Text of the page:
HELENA — Reaction poured in quickly from Montana elected leaders in the minutes after the U.S. Supreme Court released its decision overturning Roe v. Wade – eliminating a nationwide guarantee of abortion rights. Statements from Montana lawmakers made it clear the focus will now shift to the battle within the state.
Montana Senate President Mark Blasdel, R-Kalispell, and House Majority Leader Sue Vinton, R-Billings, released a statement praising the decision and calling on the Montana Supreme Court to reverse its own 1999 decision that found the state constitution’s right to privacy gave women the right to have an abortion prior to fetal viability.
"Today we celebrate the Supreme Court's historic decision to correct a constitutionally wrong decision from decades ago that has harmed so many,” Blasdel and Vinton said. “As the debate over abortion shifts to the states, all eyes in Montana need to be on our own judicial branch of government. Montana judges should rule based on the text of our state constitution, which doesn't mention abortion at all, and overturn the activist and erroneous Armstrong decision. Unlike Montana Democrats who support abortion on demand until the moment of birth, Legislative Republicans are committed to proceeding strategically to protect pre-born Montana children."
House Minority Leader Kim Abbott, D-Helena, and Senate Minority Leader Jill Cohenour, D-East Helena, said in their statement that, as long as Montana’s right to privacy remains intact, abortion will remain legal – but that right was being challenged in the court.
“With this decision, an all-out ban on abortion is on the table in a way we have not seen for decades,” Abbott and Cohenour said. “Now, our state’s Constitutional right to privacy is the only thing standing between Montanans and the politicians who want to control the most intimate aspects of our private decision making.”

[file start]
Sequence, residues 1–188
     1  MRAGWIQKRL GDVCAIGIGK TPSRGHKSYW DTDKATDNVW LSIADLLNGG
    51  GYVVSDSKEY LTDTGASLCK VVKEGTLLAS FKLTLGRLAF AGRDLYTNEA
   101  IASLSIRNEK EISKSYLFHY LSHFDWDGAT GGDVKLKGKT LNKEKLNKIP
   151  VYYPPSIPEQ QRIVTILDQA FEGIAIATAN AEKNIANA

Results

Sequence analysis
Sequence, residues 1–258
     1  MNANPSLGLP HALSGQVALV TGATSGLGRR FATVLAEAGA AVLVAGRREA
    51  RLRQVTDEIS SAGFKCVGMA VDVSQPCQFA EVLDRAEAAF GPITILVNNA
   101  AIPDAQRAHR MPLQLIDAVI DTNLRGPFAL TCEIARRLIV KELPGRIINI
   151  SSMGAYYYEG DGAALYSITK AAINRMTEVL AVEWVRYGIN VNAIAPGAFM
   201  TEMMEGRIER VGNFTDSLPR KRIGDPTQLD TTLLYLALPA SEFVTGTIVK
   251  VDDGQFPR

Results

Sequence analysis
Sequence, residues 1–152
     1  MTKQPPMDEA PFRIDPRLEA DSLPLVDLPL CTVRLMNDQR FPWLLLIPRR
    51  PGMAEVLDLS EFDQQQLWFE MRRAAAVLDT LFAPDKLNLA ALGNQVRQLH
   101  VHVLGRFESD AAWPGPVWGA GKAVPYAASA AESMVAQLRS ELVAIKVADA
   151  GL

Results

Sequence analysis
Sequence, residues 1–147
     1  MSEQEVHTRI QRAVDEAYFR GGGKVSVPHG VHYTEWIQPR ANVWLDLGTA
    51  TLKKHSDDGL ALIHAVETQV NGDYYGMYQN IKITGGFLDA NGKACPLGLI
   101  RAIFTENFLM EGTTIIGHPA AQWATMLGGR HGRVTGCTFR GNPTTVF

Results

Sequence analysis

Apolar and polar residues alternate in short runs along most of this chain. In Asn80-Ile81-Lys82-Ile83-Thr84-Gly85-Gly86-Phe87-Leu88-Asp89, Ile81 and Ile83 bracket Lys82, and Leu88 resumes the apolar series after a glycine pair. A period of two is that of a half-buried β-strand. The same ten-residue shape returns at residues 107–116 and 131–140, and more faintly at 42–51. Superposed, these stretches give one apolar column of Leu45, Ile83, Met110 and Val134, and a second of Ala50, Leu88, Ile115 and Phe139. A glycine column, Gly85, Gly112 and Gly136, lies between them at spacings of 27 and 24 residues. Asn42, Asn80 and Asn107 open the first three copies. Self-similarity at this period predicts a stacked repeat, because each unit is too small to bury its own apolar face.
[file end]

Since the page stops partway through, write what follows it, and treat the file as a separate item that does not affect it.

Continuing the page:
Gov. Greg Gianforte said in his statement that he was already considering what could come next in the state.
“Today marks a historic win for life, families, and science,” he said. “With this monumental decision, the Supreme Court has restored power to the American people and their elected representatives. I'm in discussions with legislative leaders on next steps as we work to protect life in Montana.”
Montana’s congressional delegation also issued statements shortly after the decision.
Sen. Steve Daines and Rep. Matt Rosendale, both Republicans, hailed the ruling.
“The United States Supreme Court's decision in Dobbs today ends a historic injustice and rightfully ends one of the world’s most horrific abortion policies,” Daines said. “The long overdue demise of judicially-imposed abortion on demand gives bright new hope to unborn children and their moms across America. Now the American people begin a new chapter in which they, through their elected representatives at the state and federal level, have the power to end the violence of abortion. I will not rest until the day that every child is protected under our laws and can enjoy our nation’s most sacred right—the right to life.”
“Today's ruling is a historic victory in protecting and defending the sanctity of life,” said Rosendale. “I have always been a staunch advocate for the lives of the unborn, and today the United States Supreme Court has finally redressed a grievous wrong. Now state legislatures, elected by their constituents, will be able to pass meaningful laws that protect life. Our fight, however, does not end today. Certain states in the union will continue adopting radical abortion measures. Because of that, we must stand united to be a voice and advocate for all lives and do so until every unborn life in the United States is protected.”
Sen. Jon Tester, a Democrat, criticized the decision and reiterated his support for a proposed bill that would codify Roe v. Wade into federal law.
“For nearly 50 years, women have been able to make their own healthcare decisions without interference from the government,” he said. “The Supreme Court’s ruling now means women and doctors will be put in jail when exercising this long-held right in states across the country. No judge or politician should be telling women how to live their lives or undermining their fundamental right to privacy.”